I chalked it up to guilt.
Until I took that first bite.
My fourth grade mind vividly remembered my first grade experience. BUT this time things would be different.
First I remembered to keep my mouth shut, tight.
Secondly I was finally tall enough to be able to spit out the horrendous reminder into the sink.
Third I had mastered the spitting technique. I had actually won a few spitting contests on the playground during recess.
Of course this would be the exact moment my mom would walk in the door.
With a mixture of horror, wonder, and disappointment she asked me why I didn't learn my lesson the first time I had done this.
I simply said "I just thought the other one was a bad batch of chocolate."
The horror and wonder left her face. The disappointment lingered while she said "I sure hope you learned your lesson this time."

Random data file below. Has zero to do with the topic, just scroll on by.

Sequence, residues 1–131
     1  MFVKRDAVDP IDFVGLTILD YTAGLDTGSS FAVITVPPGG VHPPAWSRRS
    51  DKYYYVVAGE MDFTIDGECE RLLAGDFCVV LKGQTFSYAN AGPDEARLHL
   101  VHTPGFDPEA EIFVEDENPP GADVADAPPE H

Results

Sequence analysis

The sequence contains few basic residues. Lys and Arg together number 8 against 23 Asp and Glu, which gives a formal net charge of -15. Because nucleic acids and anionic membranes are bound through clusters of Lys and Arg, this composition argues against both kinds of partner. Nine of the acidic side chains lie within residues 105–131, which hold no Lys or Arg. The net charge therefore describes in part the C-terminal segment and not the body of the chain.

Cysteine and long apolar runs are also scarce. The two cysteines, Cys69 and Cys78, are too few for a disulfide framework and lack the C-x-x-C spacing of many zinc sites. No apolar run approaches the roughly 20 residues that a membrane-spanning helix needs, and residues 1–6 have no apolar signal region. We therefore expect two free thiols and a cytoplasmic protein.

I would prove her wrong.
I was a senior in high school and I was taking a home economics cooking class. The teacher had on some occasion brought in chocolate treats for her students. We had broken up into cooking teams and she starts to hand out some chocolate bars. Ms. Teacher and I were on the same page of the book, although her interpretation was very different than mine.
She begins to say "This is baking chocolate, and not very good to eat."
I heard 'This is..' as I was biting into what is now my third foray into the consumption of this deceptive food product.
Only the look of pain on my face gave any indication that I had done something stupid.